Any stat head would be able to guess the solution, the reason for the A's success is the most elusive stat of all: luck. Basically the A's pitchers are pitching a lot better than they should be. The A's have a team ERA of 3.42, 3rd best in baseball but an xFIP of 4.19 good for 21st baseball. They have a BABIP of .278, second lowest in baseball. How about their HR/FB ratio? I am sure you can guess at this point, it is the lowest in baseball at a measly 8.6%.  Balls that should fall for hits are being caught, home runs are turning into pop flies.

So the question is, what will happen to the A's? All that really depends on how long their luck lasts. Eventually the shooter will seven out and the streak will come to and end. As all things must, these stats will regress to the mean and that team ERA will rise. It could happen tomorrow or next year. As a fan I am hoping it lasts until November.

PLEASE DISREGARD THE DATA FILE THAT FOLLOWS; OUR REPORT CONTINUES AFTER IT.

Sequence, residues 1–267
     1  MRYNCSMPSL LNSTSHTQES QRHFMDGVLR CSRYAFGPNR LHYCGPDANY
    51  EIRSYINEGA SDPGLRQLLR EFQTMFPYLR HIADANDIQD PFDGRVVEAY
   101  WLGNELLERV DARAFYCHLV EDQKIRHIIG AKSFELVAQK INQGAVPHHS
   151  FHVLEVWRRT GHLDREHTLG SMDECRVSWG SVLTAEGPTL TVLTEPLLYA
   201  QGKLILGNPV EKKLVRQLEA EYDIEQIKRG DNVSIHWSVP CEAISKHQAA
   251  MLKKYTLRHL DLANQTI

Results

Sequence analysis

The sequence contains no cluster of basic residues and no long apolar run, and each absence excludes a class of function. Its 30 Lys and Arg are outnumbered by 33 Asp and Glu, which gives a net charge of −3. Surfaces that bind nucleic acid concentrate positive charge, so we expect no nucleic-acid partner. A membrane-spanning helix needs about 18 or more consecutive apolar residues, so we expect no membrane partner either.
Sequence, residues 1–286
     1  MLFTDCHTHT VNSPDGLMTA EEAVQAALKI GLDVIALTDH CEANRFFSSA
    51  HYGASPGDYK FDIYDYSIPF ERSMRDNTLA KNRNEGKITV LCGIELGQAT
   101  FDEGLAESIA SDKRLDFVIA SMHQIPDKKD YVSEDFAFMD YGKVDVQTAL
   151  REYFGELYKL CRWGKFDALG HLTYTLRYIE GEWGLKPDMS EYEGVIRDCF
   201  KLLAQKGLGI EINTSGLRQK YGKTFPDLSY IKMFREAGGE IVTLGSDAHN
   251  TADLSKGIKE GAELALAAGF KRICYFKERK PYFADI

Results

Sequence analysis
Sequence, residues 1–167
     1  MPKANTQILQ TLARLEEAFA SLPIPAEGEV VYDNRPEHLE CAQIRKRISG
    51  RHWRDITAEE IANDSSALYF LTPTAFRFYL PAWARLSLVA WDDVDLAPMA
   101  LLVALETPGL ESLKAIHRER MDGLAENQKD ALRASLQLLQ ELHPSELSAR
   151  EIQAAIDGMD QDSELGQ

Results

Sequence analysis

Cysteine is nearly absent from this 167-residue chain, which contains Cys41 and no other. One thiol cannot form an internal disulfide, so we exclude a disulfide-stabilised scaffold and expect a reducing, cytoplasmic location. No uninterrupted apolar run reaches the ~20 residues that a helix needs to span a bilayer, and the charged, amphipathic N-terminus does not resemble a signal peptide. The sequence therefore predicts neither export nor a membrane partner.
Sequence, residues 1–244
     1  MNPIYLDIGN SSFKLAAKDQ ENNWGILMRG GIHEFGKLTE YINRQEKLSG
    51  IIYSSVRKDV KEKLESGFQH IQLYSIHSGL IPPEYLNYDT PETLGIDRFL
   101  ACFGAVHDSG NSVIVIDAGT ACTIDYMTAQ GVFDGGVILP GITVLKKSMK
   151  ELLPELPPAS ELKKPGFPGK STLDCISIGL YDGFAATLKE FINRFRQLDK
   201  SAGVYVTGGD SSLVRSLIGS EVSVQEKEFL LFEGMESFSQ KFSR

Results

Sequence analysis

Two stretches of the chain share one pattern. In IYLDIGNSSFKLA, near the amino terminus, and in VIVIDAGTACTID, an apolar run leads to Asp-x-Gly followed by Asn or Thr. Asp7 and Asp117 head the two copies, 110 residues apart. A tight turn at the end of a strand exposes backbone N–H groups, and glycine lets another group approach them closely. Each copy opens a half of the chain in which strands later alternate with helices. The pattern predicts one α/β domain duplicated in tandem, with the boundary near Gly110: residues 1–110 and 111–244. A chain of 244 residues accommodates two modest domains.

Thursday, September 6, 2012

I have been thinking a lot about homerism lately. I often battle with a desire to judge baseball teams objectively and by numbers only and my base nature to believe the Mets are wildly better or wildly worse than they actually are. Take for instance comparing the Mets to other teams around the league this year. If you asked me to choose a team the Mets were similar too I would probably say the Pirates. A team that is in transition but still struggled sometimes. They showed a lot of promise, had some good wins and while they likely won't make the playoffs they should be a contender soon. While that is an accurate description of Pittsburgh, it simply isn't for the Mets. Pitt is a solid 7 games ahead of us and dealing with a tougher division. The Bucs at 72 wins are much closer in performance to the Dodgers and Tigers. So who are the Mets close to.